The court concluded that Mr Halet could be classified as a whistle blower for this purpose. This followed firstly, from the “hierarchical bond” between him and his employer. This entailed “a duty of loyalty, reserve and discretion on his part”. That duty it said was a particular feature of whistleblowing. Secondly, he had contacted a journalist in order to disclose confidential information obtained in the course of his employment.

The first four requirements of the defence were not in dispute when the case came before the EctHR.

Public interest v harm caused by the disclosure


The Luxembourg Court of Appeal had ruled that the disclosure of documents that were subject to professional secrecy had caused harm to PwC. In particular, from the to the firm’s reputation was damaged and client confidence in its internal security arrangements was lost. That harm suffered by PwC outweighed the public interest

The fact of the widely reported controversy arising out of the Luxleaks disclosures itself demonstrated that PwC had suffered harm. Staff turnover increased at the firm subsequent to the publicity. At the same time, the number of employees increased significantly. The firm’s financial position did not appear to have suffered lasting harm. There was “every indication” that its reputation had not ultimately been compromised, at least not among the companies that made up its client base. The Luxembourg court according found that PwC had undoubtedly suffered harm in the short term. However, no longer-term damage to its reputation had been established.

Damages awarded

The Luxembourg courts awarded PwC symbolic damages of one euro. The ECtHR ruled that this was irrelevant in assessing the harm. Under Luxembourg law, a court cannot not award compensation in excess of the amount claimed by the civil party. It was common practice in Luxembourg for individuals or entities which had sustained non-pecuniary damage, including substantial damage, to waive monetary compensation and simply seek recognition of the damage and a symbolic award.

The EctHR agreed that the careful evaluation of the evidence showed that the damage to PwC’s reputation had been real and tangible.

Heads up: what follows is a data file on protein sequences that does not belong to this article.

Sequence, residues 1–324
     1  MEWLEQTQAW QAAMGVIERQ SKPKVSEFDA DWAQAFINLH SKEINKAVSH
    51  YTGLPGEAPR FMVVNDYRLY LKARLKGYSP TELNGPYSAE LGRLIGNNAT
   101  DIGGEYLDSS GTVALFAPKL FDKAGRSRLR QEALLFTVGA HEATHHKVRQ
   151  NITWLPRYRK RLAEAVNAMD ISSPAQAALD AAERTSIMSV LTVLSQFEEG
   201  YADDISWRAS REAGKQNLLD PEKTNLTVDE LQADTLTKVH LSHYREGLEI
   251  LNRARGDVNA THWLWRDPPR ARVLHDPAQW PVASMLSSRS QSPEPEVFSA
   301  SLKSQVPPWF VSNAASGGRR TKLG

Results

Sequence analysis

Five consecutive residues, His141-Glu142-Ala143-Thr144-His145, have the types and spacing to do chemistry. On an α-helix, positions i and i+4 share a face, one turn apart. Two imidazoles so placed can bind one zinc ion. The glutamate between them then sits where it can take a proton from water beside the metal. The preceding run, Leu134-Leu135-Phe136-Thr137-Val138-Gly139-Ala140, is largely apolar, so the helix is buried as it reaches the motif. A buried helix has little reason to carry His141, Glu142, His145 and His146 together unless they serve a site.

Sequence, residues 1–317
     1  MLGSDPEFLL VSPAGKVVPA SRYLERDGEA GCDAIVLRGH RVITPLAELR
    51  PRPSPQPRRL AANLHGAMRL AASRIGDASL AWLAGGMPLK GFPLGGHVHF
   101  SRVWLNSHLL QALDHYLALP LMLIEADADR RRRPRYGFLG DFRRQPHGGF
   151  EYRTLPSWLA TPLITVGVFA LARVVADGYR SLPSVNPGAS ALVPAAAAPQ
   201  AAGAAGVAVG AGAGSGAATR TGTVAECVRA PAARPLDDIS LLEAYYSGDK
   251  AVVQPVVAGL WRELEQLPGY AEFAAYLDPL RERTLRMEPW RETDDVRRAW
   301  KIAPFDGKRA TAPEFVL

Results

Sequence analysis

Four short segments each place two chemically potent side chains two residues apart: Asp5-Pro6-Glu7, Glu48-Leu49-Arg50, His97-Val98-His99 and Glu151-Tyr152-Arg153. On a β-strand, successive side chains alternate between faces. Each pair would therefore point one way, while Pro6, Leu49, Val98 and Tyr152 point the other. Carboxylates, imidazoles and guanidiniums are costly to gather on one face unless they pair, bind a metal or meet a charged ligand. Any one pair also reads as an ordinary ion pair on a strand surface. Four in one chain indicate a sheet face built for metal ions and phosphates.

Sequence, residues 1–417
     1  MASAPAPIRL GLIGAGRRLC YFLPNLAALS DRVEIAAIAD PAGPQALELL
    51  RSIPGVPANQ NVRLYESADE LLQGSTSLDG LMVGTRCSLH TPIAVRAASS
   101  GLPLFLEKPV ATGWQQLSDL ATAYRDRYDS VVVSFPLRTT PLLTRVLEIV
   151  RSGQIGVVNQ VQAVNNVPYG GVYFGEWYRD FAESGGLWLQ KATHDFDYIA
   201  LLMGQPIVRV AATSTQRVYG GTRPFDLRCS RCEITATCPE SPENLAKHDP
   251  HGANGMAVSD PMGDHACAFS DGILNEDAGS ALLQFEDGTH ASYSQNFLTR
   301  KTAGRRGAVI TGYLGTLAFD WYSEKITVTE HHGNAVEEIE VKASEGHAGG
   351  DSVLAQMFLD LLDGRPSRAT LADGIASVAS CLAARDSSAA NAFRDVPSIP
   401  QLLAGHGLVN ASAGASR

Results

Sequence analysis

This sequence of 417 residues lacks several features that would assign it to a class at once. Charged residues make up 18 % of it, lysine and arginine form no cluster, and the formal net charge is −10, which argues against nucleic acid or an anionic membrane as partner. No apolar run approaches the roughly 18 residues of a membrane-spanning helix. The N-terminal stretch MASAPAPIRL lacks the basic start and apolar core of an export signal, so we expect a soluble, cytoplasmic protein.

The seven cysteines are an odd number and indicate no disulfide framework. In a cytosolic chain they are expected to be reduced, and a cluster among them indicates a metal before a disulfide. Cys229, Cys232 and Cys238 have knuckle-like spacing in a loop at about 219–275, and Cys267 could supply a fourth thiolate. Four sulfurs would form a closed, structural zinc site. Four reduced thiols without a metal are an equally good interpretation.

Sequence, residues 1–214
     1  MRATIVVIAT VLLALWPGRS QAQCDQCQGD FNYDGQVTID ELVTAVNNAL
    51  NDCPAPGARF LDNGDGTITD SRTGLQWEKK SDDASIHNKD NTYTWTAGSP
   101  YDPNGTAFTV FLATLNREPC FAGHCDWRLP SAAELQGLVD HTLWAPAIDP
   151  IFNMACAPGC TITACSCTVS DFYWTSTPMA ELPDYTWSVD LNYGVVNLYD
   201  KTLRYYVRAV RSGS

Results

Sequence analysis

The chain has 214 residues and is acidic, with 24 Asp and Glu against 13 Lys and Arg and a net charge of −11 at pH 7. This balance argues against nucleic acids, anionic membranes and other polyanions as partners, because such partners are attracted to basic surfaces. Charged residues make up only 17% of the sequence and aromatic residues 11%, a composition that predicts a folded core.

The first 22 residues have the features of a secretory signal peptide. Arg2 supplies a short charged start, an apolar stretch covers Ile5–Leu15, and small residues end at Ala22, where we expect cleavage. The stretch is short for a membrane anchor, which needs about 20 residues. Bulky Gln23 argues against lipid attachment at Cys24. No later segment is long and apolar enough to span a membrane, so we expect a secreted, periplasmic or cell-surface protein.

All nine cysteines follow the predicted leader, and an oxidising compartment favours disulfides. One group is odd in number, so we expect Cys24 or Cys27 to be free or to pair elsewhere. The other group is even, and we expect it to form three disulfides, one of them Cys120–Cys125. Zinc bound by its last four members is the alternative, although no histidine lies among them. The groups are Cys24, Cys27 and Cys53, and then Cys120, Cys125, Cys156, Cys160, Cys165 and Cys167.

Public interest

The Luxembourg Court of Appeal found that those disclosures had been of limited relevance because the documents had not provided any information that was vital, new or previously unknown even if it was liable to “concern and shock people”. The EctHR ruled that the first three elements were essential in this case.

The ECtHR upheld the Luxembourg court’s conclusions on the conviction, that the harm to caused PwC outweighed the public interest. Furthermore, recognising the domestic court’s margin of appreciation in this sphere, the domestic courts had struck a fair balance between the need to protect the rights of the employer and the need to protect the employee’s freedom of expression.

Proportionality of the penalty

The Luxembourg courts imposed a modest fine of 1,000 euros on Mr Halet.  The EctHR concluded that this was a relatively mild penalty. It would not have a real chilling effect on the exercise of the freedom of expression but would “encouraging those concerned to consider the legitimacy of their intended actions.”

The penalty might be contrasted with the conviction in 2015 by trial in absentia of Herve Falciani an employee of HSBC Private Bank in Switzerland who was sentenced to five years in jail for economic espionage for revealing public information about foreign entities in Lebanon, France, Germany, and the UK (see for example, BBC News). In that case it was said that he stole clients’ information to sell for personal gain. In the Halet case, if was found that his actions were “disinterested” in the sense of no personal financial gain.